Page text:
Doctors say a lot of us are walking around with an underactive thyroid -- it's one of the most misdiagnosed conditions around.
WASHINGTON — A lot of people are walking around with hypothyroidism — a gland that doesn’t produce enough thyroid hormone — without knowing it.
Doctors say it’s one of the most misdiagnosed conditions around. Dr. Kenneth Burman, chief of endocrinology at MedStar Washington Hospital Center, says hypothyroidism affects about 10 percent of the U.S. population.
Some people are born with the condition; for others it’s an immune reaction, and some cases occur as the result of a virus, medication or surgery on the thyroid gland.
Burman — considered one of the area’s top experts on thyroid woes — says it is often misdiagnosed because the symptoms are what he calls “nonspecific” and easily mistaken for other maladies.
In its earliest stages, hypothyroidism may cause few symptoms. But as thyroid hormone production decreases, the body’s metabolism begins to slow, resulting in persistent tiredness, difficulty focusing and lethargy.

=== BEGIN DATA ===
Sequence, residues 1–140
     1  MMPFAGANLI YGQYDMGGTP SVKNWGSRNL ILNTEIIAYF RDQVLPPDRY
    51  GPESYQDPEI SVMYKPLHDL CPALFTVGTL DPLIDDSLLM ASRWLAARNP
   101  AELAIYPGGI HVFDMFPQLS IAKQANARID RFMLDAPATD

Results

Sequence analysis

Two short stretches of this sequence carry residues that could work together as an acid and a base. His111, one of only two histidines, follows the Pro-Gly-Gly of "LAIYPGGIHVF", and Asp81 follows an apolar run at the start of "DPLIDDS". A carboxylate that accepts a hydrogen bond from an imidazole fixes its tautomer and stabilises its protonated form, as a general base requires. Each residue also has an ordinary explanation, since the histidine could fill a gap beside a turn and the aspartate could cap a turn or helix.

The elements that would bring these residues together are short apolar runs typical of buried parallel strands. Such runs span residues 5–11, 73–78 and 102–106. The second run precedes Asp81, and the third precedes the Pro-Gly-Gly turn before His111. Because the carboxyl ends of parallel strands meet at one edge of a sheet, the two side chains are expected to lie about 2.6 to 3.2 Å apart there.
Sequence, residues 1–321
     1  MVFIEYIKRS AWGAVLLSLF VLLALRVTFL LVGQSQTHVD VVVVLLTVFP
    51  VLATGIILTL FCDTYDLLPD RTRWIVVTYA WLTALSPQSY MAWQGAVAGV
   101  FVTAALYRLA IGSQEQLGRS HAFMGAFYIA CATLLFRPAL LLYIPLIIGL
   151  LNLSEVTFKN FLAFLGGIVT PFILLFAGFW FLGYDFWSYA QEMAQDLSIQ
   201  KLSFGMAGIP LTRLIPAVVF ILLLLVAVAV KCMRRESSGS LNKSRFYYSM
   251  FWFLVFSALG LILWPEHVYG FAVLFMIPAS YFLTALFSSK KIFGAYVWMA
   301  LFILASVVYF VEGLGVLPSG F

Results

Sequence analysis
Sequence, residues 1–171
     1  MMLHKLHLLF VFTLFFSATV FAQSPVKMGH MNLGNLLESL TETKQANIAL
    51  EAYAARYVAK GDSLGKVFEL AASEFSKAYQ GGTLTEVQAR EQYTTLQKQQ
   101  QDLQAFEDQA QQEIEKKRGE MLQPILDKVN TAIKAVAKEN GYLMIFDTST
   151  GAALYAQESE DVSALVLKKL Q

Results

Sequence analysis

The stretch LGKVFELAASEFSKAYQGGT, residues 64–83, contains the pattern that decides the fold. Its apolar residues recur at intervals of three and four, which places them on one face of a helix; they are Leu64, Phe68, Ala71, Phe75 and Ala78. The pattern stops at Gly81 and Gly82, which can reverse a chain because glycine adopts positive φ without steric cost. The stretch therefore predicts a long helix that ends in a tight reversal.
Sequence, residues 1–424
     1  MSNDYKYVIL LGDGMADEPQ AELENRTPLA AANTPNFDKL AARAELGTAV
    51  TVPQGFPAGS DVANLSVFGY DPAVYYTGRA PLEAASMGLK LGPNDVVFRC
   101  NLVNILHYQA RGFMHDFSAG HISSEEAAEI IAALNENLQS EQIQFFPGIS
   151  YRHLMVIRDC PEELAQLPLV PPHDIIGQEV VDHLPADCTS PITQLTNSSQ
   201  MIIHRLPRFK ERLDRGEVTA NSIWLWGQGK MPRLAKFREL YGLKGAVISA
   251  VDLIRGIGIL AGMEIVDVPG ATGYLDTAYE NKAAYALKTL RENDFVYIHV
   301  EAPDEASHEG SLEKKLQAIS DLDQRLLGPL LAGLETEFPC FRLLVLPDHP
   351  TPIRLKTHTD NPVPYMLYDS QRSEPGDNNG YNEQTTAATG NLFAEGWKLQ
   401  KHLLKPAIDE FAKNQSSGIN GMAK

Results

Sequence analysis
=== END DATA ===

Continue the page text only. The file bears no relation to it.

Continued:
Burman says doctors tend to be on the lookout if the symptoms are brought to their attention. The problem is the changes may occur so slowly that patients aren’t aware that the reason for their fatigue may not be stress or overwork, but something in their neck.
The irony is that, although the symptoms may seem vague, hypothyroidism is technically fairly simple to diagnose: A family history is taken, followed by a physical and a series of blood tests to check for hormone levels in both the thyroid and the pituitary gland — which helps regulate the thyroid.
While these simple blood tests are not routine, a doctor will order them up for anyone for whom thyroid trouble is a probability.
“Everyone agrees if someone has symptoms that could potentially be related to thyroid abnormalities, that they should get the appropriate blood tests,” says Burman.
The test is straightforward, and so is the treatment. Hypothyroidism is generally treated with a daily dose of synthetic hormone. The patient’s weight and health determine the size of the original dosage, and often the therapy needs to be continued for life.
January is Thyroid Awareness Month. The American Association of Clinical Endocrinology is marking the occasion with the release of a new public awareness campaign “Hypothyroidism: Suspect, Detect, Defeat.”